So if you want to save electricity and still get back to your work, you now know what to do.
Hibernation is different from æstivation.
While animals hibernate to wait out the cold, æstivation is what is done in hot, dry places to escape the heat. Animals usually find a cool or shady spot, and go into a hibernation-like state to conserve their energy.
Snails move into shady areas, or climb up bushes and trees to avoid the ground. Crabs burrow down into their holes, to places the heat cannot reach, while water-holding frogs wait under the sandy ground along with their precious, saved-up supply of water.
Few animals æstivate longer than the African Lungfish.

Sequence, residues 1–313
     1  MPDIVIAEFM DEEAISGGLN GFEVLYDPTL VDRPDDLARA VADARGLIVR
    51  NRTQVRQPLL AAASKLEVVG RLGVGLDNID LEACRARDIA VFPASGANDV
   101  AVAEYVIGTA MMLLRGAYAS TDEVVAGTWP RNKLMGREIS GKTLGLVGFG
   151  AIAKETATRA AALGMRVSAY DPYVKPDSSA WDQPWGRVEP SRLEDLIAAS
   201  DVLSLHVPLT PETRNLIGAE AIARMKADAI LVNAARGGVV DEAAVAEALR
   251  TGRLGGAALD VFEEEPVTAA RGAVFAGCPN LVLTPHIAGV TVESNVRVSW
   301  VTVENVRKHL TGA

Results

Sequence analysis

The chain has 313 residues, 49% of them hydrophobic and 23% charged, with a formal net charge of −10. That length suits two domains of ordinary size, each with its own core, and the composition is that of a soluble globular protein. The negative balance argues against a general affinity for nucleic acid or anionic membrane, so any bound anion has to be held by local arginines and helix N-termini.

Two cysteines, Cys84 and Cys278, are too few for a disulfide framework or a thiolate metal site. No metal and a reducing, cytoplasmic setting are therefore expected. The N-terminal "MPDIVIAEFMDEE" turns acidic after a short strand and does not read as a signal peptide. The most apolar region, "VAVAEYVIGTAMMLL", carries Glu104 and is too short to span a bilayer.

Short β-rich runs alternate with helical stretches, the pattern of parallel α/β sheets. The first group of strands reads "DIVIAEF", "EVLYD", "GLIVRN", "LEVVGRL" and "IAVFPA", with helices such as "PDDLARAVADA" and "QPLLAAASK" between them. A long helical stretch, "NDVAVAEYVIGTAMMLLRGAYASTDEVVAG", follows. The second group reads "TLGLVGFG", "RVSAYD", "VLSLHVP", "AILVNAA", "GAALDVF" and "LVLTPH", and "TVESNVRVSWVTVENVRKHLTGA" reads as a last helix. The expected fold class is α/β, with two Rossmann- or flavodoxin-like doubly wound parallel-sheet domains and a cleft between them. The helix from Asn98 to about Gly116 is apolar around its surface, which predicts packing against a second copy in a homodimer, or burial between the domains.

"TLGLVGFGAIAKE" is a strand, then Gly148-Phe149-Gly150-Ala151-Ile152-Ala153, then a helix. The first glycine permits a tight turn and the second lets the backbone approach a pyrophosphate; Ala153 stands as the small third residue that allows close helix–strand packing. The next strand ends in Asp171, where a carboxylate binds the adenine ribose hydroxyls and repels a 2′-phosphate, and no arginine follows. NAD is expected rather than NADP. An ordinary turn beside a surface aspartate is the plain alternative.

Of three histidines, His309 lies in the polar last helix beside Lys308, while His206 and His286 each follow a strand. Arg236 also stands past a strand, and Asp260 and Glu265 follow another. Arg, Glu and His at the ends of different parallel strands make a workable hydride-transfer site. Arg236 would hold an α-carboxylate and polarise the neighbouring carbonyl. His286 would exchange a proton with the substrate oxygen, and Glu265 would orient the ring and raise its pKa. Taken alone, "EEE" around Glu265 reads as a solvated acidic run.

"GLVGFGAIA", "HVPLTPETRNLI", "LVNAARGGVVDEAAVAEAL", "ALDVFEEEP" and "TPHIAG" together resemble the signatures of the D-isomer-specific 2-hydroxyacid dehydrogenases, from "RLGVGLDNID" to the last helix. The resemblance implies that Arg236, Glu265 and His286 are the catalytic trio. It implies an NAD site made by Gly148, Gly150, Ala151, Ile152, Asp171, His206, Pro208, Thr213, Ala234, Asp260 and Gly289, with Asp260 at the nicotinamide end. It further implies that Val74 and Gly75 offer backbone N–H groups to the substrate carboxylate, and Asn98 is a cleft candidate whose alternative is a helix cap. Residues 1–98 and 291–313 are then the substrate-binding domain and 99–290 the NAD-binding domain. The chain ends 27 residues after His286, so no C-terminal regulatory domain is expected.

It all started some 390 million years ago, in the middle of the Devonian period. That was when the rains slowed down. Ponds, lakes and streams began to dry up, and many fishes died.
Its ancestors were lucky. They were able to breathe out of water, directly from the air. They could use their fins to paddle from one mud-puddle to another. Finally, they learned to lie still and wait out the drought, even in puddles that had no water at all.
So when the rains stopped and the water levels dropped, it knew what to do. It ate as much as it could, digesting the precious food that would be its only source of energy for months to come. As the lake became a pond, and the pond a puddle, it splashed through the water and slithered along the land to stay in the wettest place possible.